|Publication number||US2262156 A|
|Publication date||Nov 11, 1941|
|Filing date||Jun 5, 1940|
|Priority date||Jun 5, 1940|
|Publication number||US 2262156 A, US 2262156A, US-A-2262156, US2262156 A, US2262156A|
|Inventors||Barnes James C, Gano Alfred S, Hubley Charles W|
|Original Assignee||Ass Press|
|Export Citation||BiBTeX, EndNote, RefMan|
|Referenced by (5), Classifications (4)|
|External Links: USPTO, USPTO Assignment, Espacenet|
Nov. 11, 1941. J. c. BARNES ETAL 2,262,156
METHOD AND MEANS FOR ELECTRICALLY COMPENSATING FOR PHOTOGRAPHIC DISTORTION Filed June 5., 1940 3 Sheets-Sheet 2 J..C. BARNES ETAL 62,156
METHOD AND MEANS FOR ELECTRIC/ALLY COMPENSATIN FOR PHOTOGRAPHIC DISTORTION Filed June 5, 1940 3 Sheets-Sheet 3 Current.
Cur-ram INVENTOR. JamcsOBm-nea v AIf edSG OHI BY h rmLw. Hu 9- Patented Nov. 11, 1941 METHOD AND MEANS COMPENSATIN G DISTORTION FOR ELECTRICALLY FOR PHOTOGRAPHIC James 0. Barnes, White Plains, Alfred s. Gano,
and Charle Heights, N. Y., assi Press, New York, N.
s W. Hubley, Jackson gnors to The Associated Y.,
a corporation of New Application June 5, 1940, Serial No. 338,858 7 Claims. (01. 178-6.7)
A broad object of thisinvention is the provision of apparatus and methods for making photographic negatives having predetermined densities and ranges thereof so that prints therefrom will have any desired tonal separations throughout.
This invention is more specifically directed to methods and apparatus by means of which compensation for distortion resulting from the nonlinear characteristics of photographic negative emulsions, particularly but not necessarily, as employed in telephoto picture transmission, is accomplished.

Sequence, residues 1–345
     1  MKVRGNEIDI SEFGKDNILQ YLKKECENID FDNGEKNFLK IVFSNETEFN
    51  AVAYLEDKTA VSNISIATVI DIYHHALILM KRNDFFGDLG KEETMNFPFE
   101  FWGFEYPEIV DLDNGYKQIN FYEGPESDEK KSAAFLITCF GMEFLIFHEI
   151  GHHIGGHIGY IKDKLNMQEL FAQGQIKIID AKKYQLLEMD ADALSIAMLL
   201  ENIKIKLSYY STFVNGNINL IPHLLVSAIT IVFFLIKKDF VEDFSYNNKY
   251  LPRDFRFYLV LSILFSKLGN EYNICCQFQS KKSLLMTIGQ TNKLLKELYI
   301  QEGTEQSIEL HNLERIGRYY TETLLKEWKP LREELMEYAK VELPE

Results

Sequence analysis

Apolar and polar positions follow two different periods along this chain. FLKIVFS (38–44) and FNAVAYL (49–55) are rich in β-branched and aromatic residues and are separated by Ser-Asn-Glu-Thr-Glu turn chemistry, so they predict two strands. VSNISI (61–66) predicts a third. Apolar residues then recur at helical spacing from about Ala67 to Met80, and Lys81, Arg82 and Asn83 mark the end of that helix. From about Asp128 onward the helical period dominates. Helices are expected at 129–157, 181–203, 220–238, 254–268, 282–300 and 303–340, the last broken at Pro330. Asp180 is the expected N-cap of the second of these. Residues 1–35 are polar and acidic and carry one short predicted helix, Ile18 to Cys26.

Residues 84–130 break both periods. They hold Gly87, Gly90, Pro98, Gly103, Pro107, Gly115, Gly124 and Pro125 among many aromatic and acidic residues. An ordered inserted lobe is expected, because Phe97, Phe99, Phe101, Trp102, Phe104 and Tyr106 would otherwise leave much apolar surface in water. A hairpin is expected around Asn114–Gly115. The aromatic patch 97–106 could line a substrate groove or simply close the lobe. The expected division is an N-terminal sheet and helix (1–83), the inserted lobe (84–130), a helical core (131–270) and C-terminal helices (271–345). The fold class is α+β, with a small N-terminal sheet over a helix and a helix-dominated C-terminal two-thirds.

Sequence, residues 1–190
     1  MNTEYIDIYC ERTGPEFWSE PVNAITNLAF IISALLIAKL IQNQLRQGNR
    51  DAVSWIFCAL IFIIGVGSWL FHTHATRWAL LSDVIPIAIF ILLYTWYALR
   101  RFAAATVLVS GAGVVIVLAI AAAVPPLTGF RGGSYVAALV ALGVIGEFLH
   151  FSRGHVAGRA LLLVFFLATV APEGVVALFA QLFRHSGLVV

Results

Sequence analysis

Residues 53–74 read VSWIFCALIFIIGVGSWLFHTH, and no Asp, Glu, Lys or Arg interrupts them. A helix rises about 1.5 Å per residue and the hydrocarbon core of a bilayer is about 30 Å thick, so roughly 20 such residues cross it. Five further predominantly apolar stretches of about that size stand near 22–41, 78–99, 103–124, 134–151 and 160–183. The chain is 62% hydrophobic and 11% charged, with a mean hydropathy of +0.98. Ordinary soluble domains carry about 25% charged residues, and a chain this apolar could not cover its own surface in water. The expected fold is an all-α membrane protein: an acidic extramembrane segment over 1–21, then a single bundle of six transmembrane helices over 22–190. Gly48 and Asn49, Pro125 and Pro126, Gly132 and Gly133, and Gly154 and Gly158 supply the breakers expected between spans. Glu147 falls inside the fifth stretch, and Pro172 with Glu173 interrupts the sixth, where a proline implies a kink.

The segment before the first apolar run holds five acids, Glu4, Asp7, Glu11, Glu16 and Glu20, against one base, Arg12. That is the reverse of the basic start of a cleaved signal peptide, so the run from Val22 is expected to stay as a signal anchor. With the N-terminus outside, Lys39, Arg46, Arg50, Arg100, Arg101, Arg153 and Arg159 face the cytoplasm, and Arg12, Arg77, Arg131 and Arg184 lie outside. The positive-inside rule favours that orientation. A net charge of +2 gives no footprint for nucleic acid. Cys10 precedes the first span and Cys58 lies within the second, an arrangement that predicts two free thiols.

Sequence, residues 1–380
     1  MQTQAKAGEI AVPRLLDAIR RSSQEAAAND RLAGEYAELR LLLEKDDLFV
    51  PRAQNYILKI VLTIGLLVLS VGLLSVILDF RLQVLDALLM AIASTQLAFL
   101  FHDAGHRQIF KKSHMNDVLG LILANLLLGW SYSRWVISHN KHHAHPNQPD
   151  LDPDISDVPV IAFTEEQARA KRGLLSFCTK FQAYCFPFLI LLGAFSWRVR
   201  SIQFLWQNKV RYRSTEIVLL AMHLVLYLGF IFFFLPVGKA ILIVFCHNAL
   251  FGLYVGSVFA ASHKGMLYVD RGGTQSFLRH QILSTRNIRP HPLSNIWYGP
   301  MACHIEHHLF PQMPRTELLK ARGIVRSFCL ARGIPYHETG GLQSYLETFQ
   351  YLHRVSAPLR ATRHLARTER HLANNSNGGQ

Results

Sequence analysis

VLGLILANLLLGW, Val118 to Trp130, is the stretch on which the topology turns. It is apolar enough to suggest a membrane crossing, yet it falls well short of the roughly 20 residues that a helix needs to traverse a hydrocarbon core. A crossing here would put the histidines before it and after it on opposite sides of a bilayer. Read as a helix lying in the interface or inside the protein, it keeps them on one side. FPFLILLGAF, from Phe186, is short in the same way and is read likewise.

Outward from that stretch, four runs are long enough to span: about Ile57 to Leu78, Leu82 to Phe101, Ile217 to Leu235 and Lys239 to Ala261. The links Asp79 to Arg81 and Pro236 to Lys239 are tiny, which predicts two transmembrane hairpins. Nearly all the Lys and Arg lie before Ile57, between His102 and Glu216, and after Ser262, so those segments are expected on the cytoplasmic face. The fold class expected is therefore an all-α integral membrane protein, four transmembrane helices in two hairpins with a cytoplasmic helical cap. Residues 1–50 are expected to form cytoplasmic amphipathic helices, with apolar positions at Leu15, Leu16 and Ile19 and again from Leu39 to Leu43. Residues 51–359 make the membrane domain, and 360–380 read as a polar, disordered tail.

An immediately useful object of the invention is to provide methods and apparatus for compensating for photographic distortion in the negative produced in apparatus such as telephoto picture transmitting and receiving equipment and resulting, at least in part from the non-linear response to light of the emulsion of the negative, and within limits, to provide for compensating in the negative for distortion in the print made from the received negative.
The many detailed objects of this invention will be best appreciated, by those skilled in the art, from the following detailed description of the nature thereof.
This invention resides substantially in the combination, construction, arrangement, relative location of parts, steps and series of steps, as will be described in detail below.
In the accompanying drawings,
Figure 1 is a chart showing the desired relations between negative density and electrical signal for faithful negative reproduction in accordance with this invention (curve A), a typical example of the relation between recording lamp current and film density (curve B), and another example, a possible desired relation between negative density and electrical sign-a1 (curve C);
Figure 2 is a chart illustrating the electrical transmission characteristics required to effect faithful negative reproduction at the receiving end, that is to provide compensation for the undesired relationship shown by curve B of Figure 1, or in other words to establish as near as practicable the relationship illustrated by curve A of Figure 1, which is accomplished by the invention herein disclosed;
Figure 3 is a diagrammatic illustration of the transmitting and receiving equipment illustrating in a general way the application thereto of this invention in order to accomplish the objects thereof;
Figure 4 is a diagrammatic circuit view of one form of apparatus in accordance with this invention by means of which the objects thereof are accomplished in the system of Figure 3;
Figure 5 is a modified arrangement for the same purpose; Figure 6 is still another modified form of apparatus in accordance with-this invention;
, Figure 7 is a chart illustrating the control of the recording lamp current in relation to the signal produced at the recording lamp as obtained by the apparatus of Figures 4 and 5; and
Figure 8 is a chart illustrating the control over the relationship between the recording lamp current and the signal produced at the recording lamp as obtained for various ratios between the values of the resistances RI and R2 of the circuit of Figure 4.